• The memory module 116 may be configured to store data, which may be loaded to the controller 110. For instance, the memory module 116 may be configured to store one or more images for the FPGA controller, where the images include firmware for use by the FPGA controller. The memory module 116 may interface with the host 106 to communicate with the host 106. The memory module 116 may interface directly with the host 106 and/or may interface indirectly with the host 106 through the controller 110. For example, the host 106 may communicate one or more images of firmware to the memory module 116 for storage. In one exemplary implementation, the memory module 116 includes an electrically erasable programmable read-only memory (EEPROM). The memory module 116 also may include other types of memory modules.
  • The memory boards 104 a and 104 b may be configured to operate with different types of flash memory chips 118 a and 118 b. In one exemplary implementation, the flash memory chips 118 a and the flash memory chips 118 b may be the same type of flash memory chips including requiring the same voltage from the power module 114 and being from the same flash memory chip vendor. The terms vendor and manufacturer are used interchangeably throughout this document.
  • In another exemplary implementation, the flash memory chips 118 a on the memory board 104 a may be a different type of flash memory chip from the flash memory chips 118 b on the memory board 104 b. For example, the memory board 104 a may include SLC NAND flash memory chips and the memory board 104 b may include MLC NAND flash memory chips. In another example, the memory board 104 a may include flash memory chips from one flash memory chip manufacturer and the memory board 104 b may include flash memory chips from a different flash memory chip manufacturer. The flexibility to have all the same type of flash memory chips or to have different types of flash memory chips enables the data storage device 100 to be tailored to different applications being used by the host 106.
  • In another exemplary implementation, the memory boards 104 a and 104 b may include different types of flash memory chips on the same memory board. For example, the memory board 104 a may include both SLC NAND chips and MLC NAND chips on the same PCB. Similarly, the memory board 104 b may include both SLC NAND chips and MLC NAND chips. In this manner, the data storage device 100 may be advantageously tailored to meet the specifications of the host 106.
  • In another exemplary implementation, the memory board 104 a and 104 b may include other types of memory devices, including non-flash memory chips. For instance, the memory boards 104 a and 104 b may include random access memory (RAM) such as, for instance, dynamic RAM (DRAM) and static RAM (SRAM) as well as other types of RAM and other types of memory devices. In one exemplary implementation, both of the memory boards 104 a and 104 b may include RAM. In another exemplary implementation, one of the memory boards may include RAM and the other memory board may include flash memory chips. Also, one of the memory boards may include both RAM and flash memory chips.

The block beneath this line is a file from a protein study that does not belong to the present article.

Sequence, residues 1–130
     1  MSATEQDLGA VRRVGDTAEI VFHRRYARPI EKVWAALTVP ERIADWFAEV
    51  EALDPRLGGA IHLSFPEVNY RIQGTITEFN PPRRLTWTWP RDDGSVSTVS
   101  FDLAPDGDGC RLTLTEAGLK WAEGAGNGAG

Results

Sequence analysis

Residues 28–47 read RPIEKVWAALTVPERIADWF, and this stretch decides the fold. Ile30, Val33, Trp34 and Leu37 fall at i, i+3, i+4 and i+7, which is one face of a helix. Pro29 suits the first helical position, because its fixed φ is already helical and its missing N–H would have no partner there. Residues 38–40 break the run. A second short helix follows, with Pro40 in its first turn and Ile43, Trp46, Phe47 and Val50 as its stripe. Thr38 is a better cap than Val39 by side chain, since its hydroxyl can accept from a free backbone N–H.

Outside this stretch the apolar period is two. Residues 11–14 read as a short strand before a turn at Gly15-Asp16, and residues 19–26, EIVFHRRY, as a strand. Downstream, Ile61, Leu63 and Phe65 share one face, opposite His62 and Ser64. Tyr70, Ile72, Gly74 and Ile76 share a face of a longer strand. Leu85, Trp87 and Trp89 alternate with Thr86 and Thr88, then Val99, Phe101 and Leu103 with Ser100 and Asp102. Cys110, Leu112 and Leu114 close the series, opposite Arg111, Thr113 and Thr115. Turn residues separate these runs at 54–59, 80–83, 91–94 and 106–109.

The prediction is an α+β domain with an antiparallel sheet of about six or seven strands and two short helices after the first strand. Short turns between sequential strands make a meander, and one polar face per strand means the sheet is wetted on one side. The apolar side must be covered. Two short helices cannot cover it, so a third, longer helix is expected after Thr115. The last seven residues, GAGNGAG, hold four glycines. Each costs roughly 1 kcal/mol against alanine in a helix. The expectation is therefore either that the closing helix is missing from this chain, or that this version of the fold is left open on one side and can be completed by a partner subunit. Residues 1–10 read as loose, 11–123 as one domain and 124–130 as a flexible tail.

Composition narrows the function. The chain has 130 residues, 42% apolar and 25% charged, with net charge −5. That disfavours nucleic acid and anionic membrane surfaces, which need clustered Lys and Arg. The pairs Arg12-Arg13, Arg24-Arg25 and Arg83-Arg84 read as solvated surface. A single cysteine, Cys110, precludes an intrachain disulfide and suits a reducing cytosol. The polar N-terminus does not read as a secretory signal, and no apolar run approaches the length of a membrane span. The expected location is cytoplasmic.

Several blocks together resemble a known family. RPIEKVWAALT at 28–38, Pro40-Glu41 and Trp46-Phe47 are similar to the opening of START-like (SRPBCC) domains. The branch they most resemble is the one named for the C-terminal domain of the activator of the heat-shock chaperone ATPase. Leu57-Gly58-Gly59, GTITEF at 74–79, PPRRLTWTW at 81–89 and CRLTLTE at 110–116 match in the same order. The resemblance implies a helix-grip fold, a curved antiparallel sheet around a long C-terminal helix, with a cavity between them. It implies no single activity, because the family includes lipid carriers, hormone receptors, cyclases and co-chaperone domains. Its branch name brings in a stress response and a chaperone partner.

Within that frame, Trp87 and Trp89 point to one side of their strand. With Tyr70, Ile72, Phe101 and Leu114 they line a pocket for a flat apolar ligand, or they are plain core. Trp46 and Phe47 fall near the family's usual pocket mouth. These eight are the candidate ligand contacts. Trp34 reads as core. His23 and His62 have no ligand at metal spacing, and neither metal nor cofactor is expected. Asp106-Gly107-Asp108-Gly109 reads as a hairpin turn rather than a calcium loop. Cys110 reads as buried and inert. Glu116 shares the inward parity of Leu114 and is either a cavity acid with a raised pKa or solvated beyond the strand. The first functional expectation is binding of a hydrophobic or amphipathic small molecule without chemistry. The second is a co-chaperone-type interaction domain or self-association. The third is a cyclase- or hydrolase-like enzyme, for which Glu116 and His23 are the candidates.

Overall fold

• The memory modules 120 a and 120 b on the memory boards 104 a and 104 b may be used to store information related to the flash memory chips 118 a and 118 b, respectively. In one exemplary implementation, the memory modules 120 a and 120 b may store device characteristics of the flash memory chips. The device characteristics may include whether the chips are SLC chips or MLC chips, whether the chips are NAND or NOR chips, a number of chip selects, a number of blocks, a number of pages per block, a number of bytes per page and a speed of the chips.
  • In one exemplary implementation, the memory modules 120 a and 120 b may include serial EEPROMs. The EEPROMs may store the device characteristics. The device characteristics may be compiled once for any given type of flash memory chip and the appropriate EEPROM image may be generated with the device characteristics. When the memory boards 104 a and 104 b are operably connected to the controller board 102, then the device characteristics may be read from the EEPROMs such that the controller 110 may automatically recognize the types of flash memory chips 118 a and 118 b that the controller 110 is controlling. Additionally, the device characteristics may be used to configure the controller 110 to the appropriate parameters for the specific type or types of flash memory chips 118 a and 118 b.